DUNEDIN, Fla. -- The television in the Blue Jays' clubhouse at Florida Auto Exchange Stadium was tuned to MLB Network on Monday morning, and much of the news had a common theme.
The Yankees had signed outfielder Brett Gardner to a big new contract. Here's Reds pitcher Homer Bailey, talking about his big new contract. There are reports that the Angels are talking to Mike Trout about a big new contract.
Not far away is the locker assigned to Blue Jays centre fielder Colby Rasmus. He does not have a big new contract, at least not yet. Coming off his best Major League year, Rasmus is eligible to be a free agent at the end of the 2014 season. Some players welcome that challenge. Some don't.
How Rasmus responds isn't an idle question for a Blue Jays team hoping to bounce back from a disappointing season. He was one of the few bright spots for Toronto in 2013. In Rasmus' three years with the Blue Jays, his OPS has risen from .517 to .689 to .840. His 4.6 WAR ranked sixth among Major League center fielders. Rasmus is only 27 years old.
"He's still a young kid," said manager John Gibbons. "He's got as much talent as anybody. He's still learning the game. He's still learning the pitchers. He's still really finding out who he is. Each year, he keeps getting better and better. When you've got that kind of talent, who knows how good you can be?"
That's a question people have been asking about Rasmus since the Cardinals selected him in the first round of the 2005 First-Year Player Draft. Rasmus has said in the past that no matter what he did in St. Louis that he couldn't meet the expectations. Being traded to the Blue Jays seemed to be best for all concerned. But unless Toronto moves to extend Rasmus' contract before the end of the season -- and there have been no indications that's under consideration -- he may have to make an interesting decision next winter whether to stay in a place where he's had success or move on for a bigger payday.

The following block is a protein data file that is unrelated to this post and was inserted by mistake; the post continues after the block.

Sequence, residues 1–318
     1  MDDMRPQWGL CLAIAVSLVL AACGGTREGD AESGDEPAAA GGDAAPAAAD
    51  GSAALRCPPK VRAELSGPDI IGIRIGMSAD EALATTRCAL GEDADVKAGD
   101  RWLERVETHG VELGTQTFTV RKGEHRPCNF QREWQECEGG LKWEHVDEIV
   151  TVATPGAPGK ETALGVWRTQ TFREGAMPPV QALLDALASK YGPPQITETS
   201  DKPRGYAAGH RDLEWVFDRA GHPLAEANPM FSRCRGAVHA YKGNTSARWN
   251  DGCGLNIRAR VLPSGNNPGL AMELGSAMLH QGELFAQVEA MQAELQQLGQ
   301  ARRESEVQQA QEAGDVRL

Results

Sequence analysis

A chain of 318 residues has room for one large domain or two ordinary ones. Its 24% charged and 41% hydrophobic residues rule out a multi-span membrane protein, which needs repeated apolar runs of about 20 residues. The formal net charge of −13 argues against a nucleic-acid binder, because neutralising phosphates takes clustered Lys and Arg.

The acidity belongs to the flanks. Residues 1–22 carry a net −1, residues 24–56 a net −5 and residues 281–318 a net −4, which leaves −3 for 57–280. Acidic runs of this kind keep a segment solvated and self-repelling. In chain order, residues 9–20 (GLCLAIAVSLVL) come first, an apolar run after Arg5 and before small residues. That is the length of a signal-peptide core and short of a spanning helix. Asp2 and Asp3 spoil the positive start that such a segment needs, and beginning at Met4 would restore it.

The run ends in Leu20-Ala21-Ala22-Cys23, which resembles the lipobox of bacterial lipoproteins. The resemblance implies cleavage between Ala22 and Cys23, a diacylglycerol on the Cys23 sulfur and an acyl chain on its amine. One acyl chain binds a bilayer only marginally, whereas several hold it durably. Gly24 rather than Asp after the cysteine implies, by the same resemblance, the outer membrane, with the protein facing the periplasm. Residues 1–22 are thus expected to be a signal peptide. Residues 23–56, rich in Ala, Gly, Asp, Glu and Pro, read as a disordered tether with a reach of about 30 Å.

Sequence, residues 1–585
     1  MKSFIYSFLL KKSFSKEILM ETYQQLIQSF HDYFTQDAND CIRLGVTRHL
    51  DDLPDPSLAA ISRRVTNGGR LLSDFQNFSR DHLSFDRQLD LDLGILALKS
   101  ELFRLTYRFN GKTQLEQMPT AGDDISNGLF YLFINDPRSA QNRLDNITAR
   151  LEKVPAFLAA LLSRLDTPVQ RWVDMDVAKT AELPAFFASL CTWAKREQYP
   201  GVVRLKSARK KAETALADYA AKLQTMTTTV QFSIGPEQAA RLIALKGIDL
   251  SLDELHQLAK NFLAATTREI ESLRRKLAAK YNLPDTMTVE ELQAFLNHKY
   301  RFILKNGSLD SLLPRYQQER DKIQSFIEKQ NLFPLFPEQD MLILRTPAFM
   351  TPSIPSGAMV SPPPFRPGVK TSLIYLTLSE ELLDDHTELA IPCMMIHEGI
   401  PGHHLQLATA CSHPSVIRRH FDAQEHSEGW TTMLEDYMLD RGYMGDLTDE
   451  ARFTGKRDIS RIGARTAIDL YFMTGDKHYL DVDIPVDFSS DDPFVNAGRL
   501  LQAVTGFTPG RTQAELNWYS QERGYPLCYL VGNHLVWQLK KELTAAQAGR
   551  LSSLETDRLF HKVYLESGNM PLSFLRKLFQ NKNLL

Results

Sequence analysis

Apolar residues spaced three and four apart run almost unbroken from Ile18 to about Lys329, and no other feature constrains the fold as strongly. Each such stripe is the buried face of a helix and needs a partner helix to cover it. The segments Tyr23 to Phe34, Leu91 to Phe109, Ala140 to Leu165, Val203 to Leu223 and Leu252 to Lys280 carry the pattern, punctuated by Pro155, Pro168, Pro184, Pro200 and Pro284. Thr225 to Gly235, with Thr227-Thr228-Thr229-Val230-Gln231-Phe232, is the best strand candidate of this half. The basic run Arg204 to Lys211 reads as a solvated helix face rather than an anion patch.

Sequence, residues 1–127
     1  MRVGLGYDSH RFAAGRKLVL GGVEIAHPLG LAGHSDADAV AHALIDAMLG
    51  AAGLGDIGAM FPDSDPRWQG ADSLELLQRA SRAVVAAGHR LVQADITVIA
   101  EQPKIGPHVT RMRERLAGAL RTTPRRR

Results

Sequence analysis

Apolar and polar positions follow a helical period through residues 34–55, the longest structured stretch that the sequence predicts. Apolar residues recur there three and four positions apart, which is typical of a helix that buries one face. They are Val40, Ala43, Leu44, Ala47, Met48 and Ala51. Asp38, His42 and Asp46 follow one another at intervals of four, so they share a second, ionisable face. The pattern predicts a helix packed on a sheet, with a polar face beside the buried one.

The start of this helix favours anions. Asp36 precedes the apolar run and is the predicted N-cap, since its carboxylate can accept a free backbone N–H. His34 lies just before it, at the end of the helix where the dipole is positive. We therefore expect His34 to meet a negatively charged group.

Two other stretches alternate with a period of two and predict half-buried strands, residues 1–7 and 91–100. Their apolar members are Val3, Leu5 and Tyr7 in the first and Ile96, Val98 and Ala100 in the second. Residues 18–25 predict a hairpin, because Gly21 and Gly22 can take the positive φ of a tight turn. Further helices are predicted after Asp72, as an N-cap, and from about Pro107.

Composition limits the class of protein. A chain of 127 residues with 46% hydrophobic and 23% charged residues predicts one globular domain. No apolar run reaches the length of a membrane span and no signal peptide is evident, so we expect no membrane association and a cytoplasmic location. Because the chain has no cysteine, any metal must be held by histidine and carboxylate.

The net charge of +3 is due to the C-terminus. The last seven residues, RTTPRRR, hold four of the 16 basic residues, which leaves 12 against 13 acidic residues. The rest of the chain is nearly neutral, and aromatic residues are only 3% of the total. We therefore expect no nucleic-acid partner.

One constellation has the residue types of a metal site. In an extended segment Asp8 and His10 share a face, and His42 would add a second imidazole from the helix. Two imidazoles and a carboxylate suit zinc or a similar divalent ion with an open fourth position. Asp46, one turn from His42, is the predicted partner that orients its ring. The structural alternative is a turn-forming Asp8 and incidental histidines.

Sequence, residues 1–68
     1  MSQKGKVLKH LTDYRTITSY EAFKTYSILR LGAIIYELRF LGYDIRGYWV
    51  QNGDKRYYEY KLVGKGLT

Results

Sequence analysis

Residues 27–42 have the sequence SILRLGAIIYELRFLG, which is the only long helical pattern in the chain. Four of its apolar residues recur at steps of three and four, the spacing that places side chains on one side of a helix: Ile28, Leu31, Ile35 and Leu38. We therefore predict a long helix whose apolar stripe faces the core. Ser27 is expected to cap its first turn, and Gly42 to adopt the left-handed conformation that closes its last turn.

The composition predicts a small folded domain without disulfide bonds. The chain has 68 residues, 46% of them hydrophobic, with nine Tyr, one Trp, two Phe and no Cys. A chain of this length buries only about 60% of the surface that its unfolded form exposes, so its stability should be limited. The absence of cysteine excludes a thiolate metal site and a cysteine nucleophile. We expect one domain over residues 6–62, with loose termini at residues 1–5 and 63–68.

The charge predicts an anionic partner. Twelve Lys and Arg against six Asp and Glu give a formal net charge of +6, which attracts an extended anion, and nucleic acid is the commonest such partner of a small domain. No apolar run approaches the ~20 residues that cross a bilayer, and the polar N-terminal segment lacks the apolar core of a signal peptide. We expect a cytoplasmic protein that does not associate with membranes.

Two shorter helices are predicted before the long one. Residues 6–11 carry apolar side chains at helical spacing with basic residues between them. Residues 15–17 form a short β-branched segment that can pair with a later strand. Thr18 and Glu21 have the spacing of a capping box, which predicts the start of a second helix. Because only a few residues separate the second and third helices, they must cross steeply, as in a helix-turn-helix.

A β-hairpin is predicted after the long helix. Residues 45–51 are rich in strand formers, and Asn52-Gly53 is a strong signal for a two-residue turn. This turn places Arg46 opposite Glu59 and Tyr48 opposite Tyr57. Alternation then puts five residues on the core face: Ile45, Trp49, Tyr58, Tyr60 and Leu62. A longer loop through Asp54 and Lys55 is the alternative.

Whatever the answer ultimately is, Gibbons doesn't expect the uncertainty to bother Rasmus.
"I'm not in the contract business," said Gibbons. "I don't sign them, but it's always on guy's minds. It's a big year when you hit that. It shows you've been in the game awhile. You have to be pretty good to hang around that long. Some guys it may affect differently. With him, I don't see him focusing a lot on that, to be honest with you."
That's the plan, anyway.
"I'm just looking forward to getting to play another year. I'm not trying to put added pressure on myself like I've got to do better or whatever," Rasmus said. "I just want to put all that stuff out of my mind and put all the stuff I've learned to good use and go from there."
And the main lesson, Rasmus said, is to take things in stride.
"One of the biggest things, probably, is just that I am in the big leagues and I worked hard to get here -- and to enjoy it," said Rasmus. "Sometimes you get caught up in the numbers and trying to be so good and all that stuff. So I just want to enjoy being here."
Coincidentally, Rasmus believes the same holds true for the Blue Jays as a team. Asked what he and his teammates have to do to rebound from their last-place finish in the rigorous American League East, he shrugged.
"Bottom line is we've just got to go out there and play better," said Rasmus. "We've got some good players. But there are good players on every team. So we've just got to put it together, go out there and relax, and play and have fun. Especially with the teams we're playing against.
"Because when we play against the Yankees, Red Sox, Tampa Bay, they're not putting too much pressure on themselves, and it seems like we're always grinding against them. To me, if we just relax, see the ball, hit the ball and do all the things we know how to do as baseball players, we'll be all right."
The Blue Jays churned their roster going into last season. Rasmus hopes that being together for a season could help.
"I think that's possible," Rasmus said. "Last year, there were a bunch of new faces, and I was fairly new myself. I would think that might help a little as far as the chemistry and everybody knowing where they fit in and how to treat certain guys. But we'll see. It's hard to tell, because, like I said, we've got to face a bunch of real good teams. We've just got to let it hang out and play."
Which is exactly what Rasmus plans to do. If he does, free agency and all that goes with it will take care of itself.
Paul Hagen is a reporter for MLB.com. This story was not subject to the approval of Major League Baseball or its clubs.